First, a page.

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Pacemaker virus could lead to "mass murder"

According to research from Barnaby Jack of IOActive, several vendors’ pacemakers can be remotely controlled and commanded to deliver a 830-volt shock via a laptop
According to research from Barnaby Jack of IOActive, several vendors’ pacemakers can be remotely controlled and commanded to deliver a 830-volt shock via a laptop

According to research from Barnaby Jack of security vendor IOActive, several vendors’ pacemakers can be remotely controlled and commanded to deliver a 830-volt shock via a laptop, thanks to software programming flaws on the part of medical device companies. That is, of course, enough to kill someone, and Jack noted that the vulnerabilities open the door to “mass murder.”

Jack delivered the research at the Breakpoint security conference in Melbourne on Wednesday, according to TechCrunch, where he said the flaw lies with the programming of the wireless transmitters inside the pacemakers and ICDs.

Those transmitters monitor for irregularities in heartbeats and deliver life-saving corrective jolts of electricity on a regular basis to correct poor heart function. Unfortunately, the devices are easily tricked by a special command to give up their serial numbers and other info needed to authenticate into them and control those transmitters; and, worse, they often have backdoors that allow the wireless signals to be hijacked even without the credentials. So, either way, a hacker with a commanding laptop can take control and deliver a deadly shock, from up to 50 feet away – the range of many of these vulnerable devices.

Making things even scarier is the fact that it is possible, Jack said, to create special firmware that can be uploaded to a medical device’s company servers and used to infect multiple pacemakers and ICDs with a malicious code that can spread virally and compromise access security automatically – up to the point of delivering a deadly payload. "We are potentially looking at a worm with the ability to commit mass murder," Jack said.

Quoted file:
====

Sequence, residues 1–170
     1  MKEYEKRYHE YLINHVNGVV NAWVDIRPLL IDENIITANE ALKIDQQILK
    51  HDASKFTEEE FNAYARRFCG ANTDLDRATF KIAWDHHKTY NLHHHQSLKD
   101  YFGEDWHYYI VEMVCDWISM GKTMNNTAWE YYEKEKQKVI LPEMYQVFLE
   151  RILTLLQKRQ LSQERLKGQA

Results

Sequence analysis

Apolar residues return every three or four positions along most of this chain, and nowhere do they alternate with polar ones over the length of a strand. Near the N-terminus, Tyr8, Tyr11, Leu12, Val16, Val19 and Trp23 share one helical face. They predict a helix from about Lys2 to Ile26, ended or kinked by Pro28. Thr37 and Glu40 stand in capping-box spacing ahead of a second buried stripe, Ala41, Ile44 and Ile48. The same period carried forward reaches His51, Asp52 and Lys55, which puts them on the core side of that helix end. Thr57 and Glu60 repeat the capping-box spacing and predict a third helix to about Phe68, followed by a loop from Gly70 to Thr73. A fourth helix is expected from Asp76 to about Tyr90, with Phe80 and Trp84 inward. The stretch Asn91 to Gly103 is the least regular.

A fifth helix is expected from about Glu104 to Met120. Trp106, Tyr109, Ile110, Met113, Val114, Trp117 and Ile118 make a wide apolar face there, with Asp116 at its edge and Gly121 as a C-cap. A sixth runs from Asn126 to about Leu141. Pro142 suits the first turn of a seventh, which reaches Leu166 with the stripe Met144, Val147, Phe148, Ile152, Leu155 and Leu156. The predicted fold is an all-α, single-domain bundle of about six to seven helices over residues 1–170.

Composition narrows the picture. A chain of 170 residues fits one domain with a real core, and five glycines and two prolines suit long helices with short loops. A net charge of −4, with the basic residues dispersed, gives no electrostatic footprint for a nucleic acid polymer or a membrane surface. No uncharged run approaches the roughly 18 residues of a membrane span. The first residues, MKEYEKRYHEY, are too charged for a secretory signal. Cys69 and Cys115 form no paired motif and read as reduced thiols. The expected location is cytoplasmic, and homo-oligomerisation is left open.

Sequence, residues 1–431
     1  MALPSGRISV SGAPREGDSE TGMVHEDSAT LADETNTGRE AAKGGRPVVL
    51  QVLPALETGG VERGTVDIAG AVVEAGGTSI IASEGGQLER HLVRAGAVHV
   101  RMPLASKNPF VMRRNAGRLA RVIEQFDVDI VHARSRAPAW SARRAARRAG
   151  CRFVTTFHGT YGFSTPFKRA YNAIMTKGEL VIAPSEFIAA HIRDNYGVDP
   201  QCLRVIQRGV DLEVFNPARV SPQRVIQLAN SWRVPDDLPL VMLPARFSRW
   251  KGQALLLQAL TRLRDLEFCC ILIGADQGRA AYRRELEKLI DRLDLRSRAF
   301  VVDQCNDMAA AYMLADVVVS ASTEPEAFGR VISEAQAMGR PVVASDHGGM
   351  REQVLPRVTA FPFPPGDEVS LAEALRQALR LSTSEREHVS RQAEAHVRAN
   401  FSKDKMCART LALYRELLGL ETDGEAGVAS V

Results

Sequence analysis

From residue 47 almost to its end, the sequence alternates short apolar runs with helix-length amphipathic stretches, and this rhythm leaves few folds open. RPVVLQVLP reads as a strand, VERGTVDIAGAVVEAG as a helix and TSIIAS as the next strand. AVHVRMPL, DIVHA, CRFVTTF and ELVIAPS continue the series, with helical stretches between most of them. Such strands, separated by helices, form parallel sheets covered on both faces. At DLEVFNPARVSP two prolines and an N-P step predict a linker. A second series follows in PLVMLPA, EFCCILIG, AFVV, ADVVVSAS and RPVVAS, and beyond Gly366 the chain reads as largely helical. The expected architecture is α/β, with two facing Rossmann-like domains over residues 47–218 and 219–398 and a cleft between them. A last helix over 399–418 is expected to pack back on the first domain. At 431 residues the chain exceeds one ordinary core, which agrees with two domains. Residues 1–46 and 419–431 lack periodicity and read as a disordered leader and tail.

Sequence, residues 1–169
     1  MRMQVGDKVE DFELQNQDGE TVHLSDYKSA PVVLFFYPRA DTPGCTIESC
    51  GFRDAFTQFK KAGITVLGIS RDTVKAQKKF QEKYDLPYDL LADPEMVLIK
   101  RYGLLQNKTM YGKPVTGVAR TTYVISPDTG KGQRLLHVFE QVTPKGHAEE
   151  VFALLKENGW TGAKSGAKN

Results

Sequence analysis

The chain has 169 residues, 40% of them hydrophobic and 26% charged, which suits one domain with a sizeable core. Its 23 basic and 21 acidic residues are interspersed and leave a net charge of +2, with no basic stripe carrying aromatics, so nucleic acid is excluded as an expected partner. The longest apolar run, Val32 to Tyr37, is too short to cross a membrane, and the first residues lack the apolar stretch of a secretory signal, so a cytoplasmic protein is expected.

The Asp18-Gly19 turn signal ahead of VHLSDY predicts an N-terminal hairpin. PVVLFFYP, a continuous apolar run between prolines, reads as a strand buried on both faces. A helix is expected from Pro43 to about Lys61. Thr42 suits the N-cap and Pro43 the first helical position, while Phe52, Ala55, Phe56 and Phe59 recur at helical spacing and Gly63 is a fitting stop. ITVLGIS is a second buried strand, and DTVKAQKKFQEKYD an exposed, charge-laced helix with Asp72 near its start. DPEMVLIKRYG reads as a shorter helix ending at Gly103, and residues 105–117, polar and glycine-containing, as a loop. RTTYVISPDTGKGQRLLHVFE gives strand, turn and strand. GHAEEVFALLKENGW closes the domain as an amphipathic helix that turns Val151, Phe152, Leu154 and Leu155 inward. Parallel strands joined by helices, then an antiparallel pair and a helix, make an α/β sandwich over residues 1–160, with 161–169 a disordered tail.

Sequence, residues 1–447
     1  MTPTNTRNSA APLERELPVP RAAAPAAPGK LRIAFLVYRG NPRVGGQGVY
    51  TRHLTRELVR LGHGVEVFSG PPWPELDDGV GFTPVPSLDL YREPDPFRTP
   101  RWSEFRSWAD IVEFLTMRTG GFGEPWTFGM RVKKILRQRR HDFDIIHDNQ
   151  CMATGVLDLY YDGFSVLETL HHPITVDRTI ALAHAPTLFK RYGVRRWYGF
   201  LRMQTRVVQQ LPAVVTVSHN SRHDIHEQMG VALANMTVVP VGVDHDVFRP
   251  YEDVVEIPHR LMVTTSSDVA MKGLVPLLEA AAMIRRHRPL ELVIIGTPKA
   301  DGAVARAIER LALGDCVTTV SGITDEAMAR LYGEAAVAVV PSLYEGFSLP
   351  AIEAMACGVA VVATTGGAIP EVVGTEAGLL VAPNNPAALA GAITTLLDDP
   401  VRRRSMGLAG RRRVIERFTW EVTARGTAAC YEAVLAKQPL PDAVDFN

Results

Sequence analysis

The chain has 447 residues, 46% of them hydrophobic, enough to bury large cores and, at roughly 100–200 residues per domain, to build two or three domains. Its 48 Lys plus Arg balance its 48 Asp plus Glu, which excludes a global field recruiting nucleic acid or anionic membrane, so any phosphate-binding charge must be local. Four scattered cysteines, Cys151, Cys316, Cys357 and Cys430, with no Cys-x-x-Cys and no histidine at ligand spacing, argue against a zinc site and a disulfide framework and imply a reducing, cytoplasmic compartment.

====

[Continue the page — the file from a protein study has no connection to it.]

The researcher did not identify the companies that are building in the fatal weaknesses, but he did note that around 4.6 million pacemakers and ICDs were sold between 2006 and 2011 in the US alone.

"My aim is to raise awareness of these potential malicious attacks and encourage manufacturers to act to review the security of their code and not just the traditional safety mechanisms of these devices," Jack said, according to TechCrunch.

The issue is not restricted to pacemakers. Computerized hospital equipment is increasingly vulnerable to malware infections, according to a government panel. Technology Review reported that malware is “rampant” in healthcare environments, because under current US law, software used to run medical devices in hospitals must remain static once approved. It’s not that manufacturers cannot install anti-virus software or provide updates to fix security flaws, it’s that they will not do so, in order to remain in compliance with the Food & drug Administration.

"I find this mind-boggling,” Kevin Fu, a computer scientist at the University of Michigan and the University of Massachusetts, Amherst, told Technology Review. “Conventional malware is rampant in hospitals because of medical devices using unpatched operating systems. There's little recourse for hospitals when a manufacturer refuses to allow OS updates or security patches."

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